Assume Love (TM): How to have a happier marriage without waiting for your spouse to change (daisy logo)

« On Staying in Love (Assume Love's 10th Anniversary post) | Main | Agreement or Impasse? »

Husbands' Gripes

The Huffington Post lists the big 6 complaints shared by men in marriage counseling. They are worth looking at -- not as a self-improvement checklist for wives, but as a big help when you want to Assume Love, Expect Love, and Find Third Alternatives, whether you're the husband or the wife.

1. My wife expects me to be a mind reader.
2. The late night arguments are getting out of hand.
3. She doesn't appreciate me.
4. She doesn't back me up when I discipline the kids.
5. She's not interested in sex.
6. Our marriage is no longer a priority for her.

What signs of love are you expecting that your husband has no idea you want?

How many of the things your husband does that upset you are actually ways to avoid another late night argument? And if you're looking for a Third Alternative if your husband disagrees with whatever you're proposing, is after the kids are in bed really a good time to mention it?

How many of the things your husband does that upset you are actually ways to bring your attention to the things he does for you and the things about him he thought you valued?

Is the reason you seem to be getting more and more of the child-rearing responsibilities, even though you also have a job, because your husband is trying to avoid that unpleasant situation where you don't back him up?

What Third Alternative would make sex as much of a priority for you as for your husband?

What love are you missing out on when you respond to not getting what you expect by busying yourself with something else?

Comments

My husband and I set a regular time to discuss any issues. This includes regularly checking in-- is there anything I am doing that is suboptimal for you? After 18 yrs of marriage we are both still shocked by the answers- often very small things we could easily fix, we had no idea were annoying to the other person. For ex, my husband likes to treat every uncluttered piece of furniture as his personal closet, making our bedroom air filter unusable because his keys, wallet, etc clog up the vent shaft. He had no idea this bothered me and easily stopped doing that.

Ditto I had no idea my cleaning up was actually ruining his messy organization in his workshop.

In regards to sex: I feel every couple should have a massage table. Even if one isn't in the mood for sex, if you love your spouse, you can give a sensual massage- which often feels as good or better than sex and might get either of you in the mood, too.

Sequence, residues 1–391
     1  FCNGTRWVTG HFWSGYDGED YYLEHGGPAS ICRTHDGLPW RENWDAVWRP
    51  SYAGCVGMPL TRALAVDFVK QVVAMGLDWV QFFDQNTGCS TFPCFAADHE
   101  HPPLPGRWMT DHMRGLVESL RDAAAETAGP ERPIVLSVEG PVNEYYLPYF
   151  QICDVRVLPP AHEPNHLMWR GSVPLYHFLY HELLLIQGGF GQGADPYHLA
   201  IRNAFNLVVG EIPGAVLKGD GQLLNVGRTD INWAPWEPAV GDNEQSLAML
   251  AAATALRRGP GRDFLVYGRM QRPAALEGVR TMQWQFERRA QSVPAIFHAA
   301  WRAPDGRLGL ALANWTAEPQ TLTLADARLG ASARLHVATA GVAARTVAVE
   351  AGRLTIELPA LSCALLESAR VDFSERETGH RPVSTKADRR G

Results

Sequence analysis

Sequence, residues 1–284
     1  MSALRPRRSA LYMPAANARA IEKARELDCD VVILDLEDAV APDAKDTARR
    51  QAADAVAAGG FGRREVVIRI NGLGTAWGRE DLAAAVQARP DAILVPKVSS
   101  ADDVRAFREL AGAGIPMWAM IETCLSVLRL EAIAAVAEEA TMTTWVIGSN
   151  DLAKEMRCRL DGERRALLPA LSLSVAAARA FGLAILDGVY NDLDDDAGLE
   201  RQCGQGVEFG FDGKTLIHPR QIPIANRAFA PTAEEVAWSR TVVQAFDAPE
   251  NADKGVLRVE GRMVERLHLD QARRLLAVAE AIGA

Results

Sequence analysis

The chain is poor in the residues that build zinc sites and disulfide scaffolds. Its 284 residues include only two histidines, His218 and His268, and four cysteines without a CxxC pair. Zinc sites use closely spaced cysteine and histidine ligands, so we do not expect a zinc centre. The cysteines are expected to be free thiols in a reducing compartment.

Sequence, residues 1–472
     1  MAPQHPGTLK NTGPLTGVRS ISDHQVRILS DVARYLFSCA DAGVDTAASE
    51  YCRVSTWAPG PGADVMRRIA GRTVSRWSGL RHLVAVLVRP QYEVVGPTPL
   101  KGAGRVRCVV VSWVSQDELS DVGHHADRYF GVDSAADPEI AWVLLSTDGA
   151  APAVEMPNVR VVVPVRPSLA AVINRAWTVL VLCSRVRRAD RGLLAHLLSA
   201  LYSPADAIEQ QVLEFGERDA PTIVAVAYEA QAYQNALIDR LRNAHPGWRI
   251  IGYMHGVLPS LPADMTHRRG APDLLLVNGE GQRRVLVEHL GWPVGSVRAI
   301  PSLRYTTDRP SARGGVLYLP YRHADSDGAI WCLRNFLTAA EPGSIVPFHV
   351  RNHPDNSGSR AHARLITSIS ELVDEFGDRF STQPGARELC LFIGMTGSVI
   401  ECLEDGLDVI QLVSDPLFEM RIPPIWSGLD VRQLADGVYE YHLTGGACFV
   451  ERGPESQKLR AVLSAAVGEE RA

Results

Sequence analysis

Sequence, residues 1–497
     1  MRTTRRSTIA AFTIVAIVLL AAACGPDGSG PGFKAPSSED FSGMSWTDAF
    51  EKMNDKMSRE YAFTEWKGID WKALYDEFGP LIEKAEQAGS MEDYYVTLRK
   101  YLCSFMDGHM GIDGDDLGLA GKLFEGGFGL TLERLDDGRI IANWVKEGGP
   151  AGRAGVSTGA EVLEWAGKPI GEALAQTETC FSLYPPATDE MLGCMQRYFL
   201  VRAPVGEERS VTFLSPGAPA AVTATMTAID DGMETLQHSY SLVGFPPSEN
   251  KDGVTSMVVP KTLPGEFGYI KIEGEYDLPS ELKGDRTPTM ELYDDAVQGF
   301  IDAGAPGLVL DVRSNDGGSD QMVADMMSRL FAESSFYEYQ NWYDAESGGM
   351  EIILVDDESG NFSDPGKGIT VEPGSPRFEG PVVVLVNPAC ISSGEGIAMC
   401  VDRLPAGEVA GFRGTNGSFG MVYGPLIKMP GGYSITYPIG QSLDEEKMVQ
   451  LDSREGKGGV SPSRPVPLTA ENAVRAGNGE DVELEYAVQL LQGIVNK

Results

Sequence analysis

At the core if we feel really appreciated, that our spouse is giving 100%, we are more inclined to give unselfishly too. My husband has been working on our master bath for over a year. It has been out of commission that entire time. I know he intends to finish it- but has been either busy with work or not feeling well on weekends, battling a chronic minor ailment. I recently asked how he would feel about us paying for some help? He is delighted that I am looking to offload him and welcomes the companionship (very social guy who dreaded a weekend alone doing hard labor rather than socializing).

We have it very very smooth now that we make 'not eating each other's heart out' our #1 priority.

Wonderful tips, Susan! Thank you.

If there is a long-running unsolved problem that often gets argued about at night (or any other time) just bringing it up probably triggers your spouse, before there is even a chance to discuss it or look for a third alternative. A triggered spouse will get defensive or withdraw, and at that point it's impossible to have a productive discussion.

I would suggest taking a break from the issue for a while. Wait a couple of weeks. (I know, it's hard, because it bothers you so much, but arguing hasn't solved it, so you might as well not argue.) Then see if you can break the pattern by (1) choosing a different context in which to discuss it (pick a different room and a different time of day) and (2) reframing the way you introduce the subject. Try starting a sentence with "How can I help you...." or "What would make it easier to...." This way you share the responsibility instead of assigning blame.

Great advice, Rosemary. Thanks!

A man ever desire that his wife give appreciation, sex but he rarely think about her wishes. A married life would get success while both of them pore their contribution in married life.

Post a comment

Your comment will appear only after Patty confirms it's not spam. Thanks for your patience, and bah humbug to those who submit all that junk for making good folks like you wait.


The Author

Patty Newbold is a widow who got it right the second time...

Follow Us

Enjoy Being Married

Grow Your Marriage Award 2011 from The Generous Wife
2011 Hot Marriage Blog Award © Liufu Yu | Dreamstime.com

Archives

Creative Commons License


This weblog is licensed under a Creative Commons License.
Powered by
Movable Type 3.35
TM Assume Love is trademark of Patricia L. Newbold